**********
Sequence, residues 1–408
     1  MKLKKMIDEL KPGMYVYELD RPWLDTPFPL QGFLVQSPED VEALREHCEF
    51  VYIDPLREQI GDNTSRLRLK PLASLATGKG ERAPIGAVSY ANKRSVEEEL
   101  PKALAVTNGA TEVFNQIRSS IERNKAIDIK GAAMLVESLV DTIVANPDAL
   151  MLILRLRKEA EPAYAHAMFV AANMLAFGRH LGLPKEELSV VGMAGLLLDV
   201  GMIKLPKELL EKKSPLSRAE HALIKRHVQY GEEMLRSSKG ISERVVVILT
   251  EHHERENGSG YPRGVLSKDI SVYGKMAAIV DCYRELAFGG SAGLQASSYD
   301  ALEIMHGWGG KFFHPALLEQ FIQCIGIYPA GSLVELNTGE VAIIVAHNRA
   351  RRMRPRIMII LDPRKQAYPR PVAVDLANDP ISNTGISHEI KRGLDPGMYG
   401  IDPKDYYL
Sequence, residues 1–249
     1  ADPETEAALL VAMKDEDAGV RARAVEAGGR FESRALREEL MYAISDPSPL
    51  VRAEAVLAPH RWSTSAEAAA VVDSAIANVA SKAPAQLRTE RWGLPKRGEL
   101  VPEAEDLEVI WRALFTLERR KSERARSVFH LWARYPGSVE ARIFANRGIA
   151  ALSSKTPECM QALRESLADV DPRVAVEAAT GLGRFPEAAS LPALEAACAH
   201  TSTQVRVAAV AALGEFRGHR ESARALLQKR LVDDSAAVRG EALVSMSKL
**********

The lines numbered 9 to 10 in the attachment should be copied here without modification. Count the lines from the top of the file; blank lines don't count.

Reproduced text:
   351  RRMRPRIMII LDPRKQAYPR PVAVDLANDP ISNTGISHEI KRGLDPGMYG
   401  IDPKDYYL